“The epidemic situation is bad in Lhasa, please pay attention,” one netizen wrote on Weibo on September 15, pointing to many new posts surfacing on Chinese social media about the difficulties people are facing in Lhasa city in Tibet.

Over the past week, many Tibet-based bloggers have posted on social media about the local circumstances, and hundreds of Chinese social media posts talk about similar problems in the region. Despite the ongoing lockdown, they say, there are still a growing number of positive cases within Lhasa communities; buses are allegedly going back and forth to bring people to quarantine sites where those testing positive and negative are mixed; they claim that there is an absolute lack of management and control; and many locals suggest that the official reports do not reflect the actual number of Covid cases at all.

According to the official numbers, Tibet saw its peak in Covid cases on August 17 and has since reported fewer new cases, reporting a total of 118 new cases on Thursday.

“I am a bit shocked!” one local social media user wrote: “What I saw was a total of 28 buses lined up outside Lhasa Nagqu No. 2 Senior High School, and then still more [buses] were coming. One bus can fit around 50 people, so there must have been around 1400 positive cases. There was a blind man, there were elderly people in wheelchairs, there were swaddled-up babies, from getting on the bus at 9.30 pm up to now, we’ve been waiting for 5 hours and we’re still waiting now. It’s just pure chaos at the school entrance, there is no order. I won’t sleep tonight.”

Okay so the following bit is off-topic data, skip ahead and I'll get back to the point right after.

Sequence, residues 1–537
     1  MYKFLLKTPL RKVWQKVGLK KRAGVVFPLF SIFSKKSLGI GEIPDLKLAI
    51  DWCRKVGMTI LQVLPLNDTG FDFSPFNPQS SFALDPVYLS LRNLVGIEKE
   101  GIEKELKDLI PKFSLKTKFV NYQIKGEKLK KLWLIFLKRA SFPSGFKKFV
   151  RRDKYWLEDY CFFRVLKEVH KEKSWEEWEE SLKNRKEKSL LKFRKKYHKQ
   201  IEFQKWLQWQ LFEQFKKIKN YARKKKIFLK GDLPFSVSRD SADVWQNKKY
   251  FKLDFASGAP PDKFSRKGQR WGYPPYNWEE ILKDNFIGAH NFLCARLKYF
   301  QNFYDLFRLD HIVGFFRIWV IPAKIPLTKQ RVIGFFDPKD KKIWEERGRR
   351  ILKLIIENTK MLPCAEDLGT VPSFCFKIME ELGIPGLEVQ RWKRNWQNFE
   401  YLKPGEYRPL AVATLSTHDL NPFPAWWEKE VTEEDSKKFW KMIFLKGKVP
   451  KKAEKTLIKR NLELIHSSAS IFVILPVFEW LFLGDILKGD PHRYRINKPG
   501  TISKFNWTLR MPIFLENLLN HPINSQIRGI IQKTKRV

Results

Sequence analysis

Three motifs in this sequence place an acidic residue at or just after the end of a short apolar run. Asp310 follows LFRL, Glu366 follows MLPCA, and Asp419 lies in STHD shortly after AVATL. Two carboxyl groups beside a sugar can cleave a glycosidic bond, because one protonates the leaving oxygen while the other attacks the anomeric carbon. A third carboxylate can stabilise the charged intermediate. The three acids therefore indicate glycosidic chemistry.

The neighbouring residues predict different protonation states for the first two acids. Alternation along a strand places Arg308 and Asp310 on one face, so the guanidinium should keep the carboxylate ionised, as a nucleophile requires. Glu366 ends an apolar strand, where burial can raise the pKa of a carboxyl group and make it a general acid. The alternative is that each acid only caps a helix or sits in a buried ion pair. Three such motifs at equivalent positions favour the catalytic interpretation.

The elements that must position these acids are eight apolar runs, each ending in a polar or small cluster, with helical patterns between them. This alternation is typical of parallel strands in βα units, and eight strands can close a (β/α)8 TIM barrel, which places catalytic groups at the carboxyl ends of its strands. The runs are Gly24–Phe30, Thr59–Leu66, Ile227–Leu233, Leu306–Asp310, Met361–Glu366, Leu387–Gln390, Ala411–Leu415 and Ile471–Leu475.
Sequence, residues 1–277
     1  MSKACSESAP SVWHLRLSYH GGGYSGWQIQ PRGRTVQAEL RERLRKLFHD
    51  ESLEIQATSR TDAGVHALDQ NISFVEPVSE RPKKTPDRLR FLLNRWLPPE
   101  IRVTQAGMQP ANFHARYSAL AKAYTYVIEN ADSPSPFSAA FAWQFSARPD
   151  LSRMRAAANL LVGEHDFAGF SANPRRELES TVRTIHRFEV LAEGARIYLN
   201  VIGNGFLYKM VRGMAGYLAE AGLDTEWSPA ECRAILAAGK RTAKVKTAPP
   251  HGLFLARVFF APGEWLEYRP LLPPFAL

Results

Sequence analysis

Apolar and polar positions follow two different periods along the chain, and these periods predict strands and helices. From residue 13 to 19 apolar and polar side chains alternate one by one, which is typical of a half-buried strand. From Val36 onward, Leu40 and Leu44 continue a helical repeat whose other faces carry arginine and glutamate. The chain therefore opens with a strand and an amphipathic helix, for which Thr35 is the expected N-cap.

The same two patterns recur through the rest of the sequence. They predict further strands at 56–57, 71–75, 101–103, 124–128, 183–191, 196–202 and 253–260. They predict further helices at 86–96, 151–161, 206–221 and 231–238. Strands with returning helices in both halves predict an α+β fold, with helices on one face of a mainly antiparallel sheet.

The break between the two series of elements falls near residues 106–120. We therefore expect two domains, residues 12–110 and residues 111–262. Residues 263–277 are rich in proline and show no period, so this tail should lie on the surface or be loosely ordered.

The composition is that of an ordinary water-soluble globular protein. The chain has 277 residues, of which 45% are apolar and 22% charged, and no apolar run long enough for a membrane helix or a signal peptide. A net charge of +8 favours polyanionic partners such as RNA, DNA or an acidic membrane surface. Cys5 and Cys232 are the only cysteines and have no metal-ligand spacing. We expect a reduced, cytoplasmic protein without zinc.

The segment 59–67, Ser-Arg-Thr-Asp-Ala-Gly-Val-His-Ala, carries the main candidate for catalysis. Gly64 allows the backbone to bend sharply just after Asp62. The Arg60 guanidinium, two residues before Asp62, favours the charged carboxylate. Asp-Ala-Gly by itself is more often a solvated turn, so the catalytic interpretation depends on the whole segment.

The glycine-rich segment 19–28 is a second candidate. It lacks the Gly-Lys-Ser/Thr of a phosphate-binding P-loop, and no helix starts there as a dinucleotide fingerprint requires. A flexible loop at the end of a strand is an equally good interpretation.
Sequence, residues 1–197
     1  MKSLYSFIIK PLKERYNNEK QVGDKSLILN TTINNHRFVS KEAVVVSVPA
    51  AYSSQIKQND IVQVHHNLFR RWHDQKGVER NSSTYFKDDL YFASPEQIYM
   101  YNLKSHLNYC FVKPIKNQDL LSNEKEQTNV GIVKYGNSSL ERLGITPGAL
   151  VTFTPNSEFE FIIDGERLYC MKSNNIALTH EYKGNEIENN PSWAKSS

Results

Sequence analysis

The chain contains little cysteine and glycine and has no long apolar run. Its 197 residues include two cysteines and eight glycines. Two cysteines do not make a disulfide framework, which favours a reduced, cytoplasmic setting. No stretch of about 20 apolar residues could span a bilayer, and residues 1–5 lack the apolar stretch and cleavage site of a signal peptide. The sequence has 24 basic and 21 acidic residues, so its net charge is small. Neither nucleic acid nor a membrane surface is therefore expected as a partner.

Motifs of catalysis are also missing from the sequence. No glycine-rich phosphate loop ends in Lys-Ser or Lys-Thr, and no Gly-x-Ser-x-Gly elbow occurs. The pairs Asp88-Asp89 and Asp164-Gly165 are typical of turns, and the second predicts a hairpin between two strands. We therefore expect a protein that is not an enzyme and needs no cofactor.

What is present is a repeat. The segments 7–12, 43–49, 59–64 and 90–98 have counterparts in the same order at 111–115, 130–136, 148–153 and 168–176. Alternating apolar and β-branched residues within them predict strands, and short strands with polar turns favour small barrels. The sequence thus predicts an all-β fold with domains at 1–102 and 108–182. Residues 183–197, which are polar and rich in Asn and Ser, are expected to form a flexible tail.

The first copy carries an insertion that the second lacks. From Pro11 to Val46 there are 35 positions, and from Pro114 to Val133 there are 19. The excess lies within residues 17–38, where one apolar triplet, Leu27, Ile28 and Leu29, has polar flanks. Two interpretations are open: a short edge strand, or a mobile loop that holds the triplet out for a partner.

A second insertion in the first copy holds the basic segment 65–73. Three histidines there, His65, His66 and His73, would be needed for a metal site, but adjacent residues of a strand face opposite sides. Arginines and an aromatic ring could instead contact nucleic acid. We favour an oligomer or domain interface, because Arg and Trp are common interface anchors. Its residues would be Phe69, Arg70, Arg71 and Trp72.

On the 14th of September, another netizen wrote:

“In order to welcome central government leaders to Lhasa and to demonstrate the “excellent” epidemic prevention capabilities of the local government & the “outstanding” results of the fight against the epidemic to them, they moved citizens to the rural areas and let them all stay crowded together in unfinished concrete buildings, with all kinds of viruses having free reign.”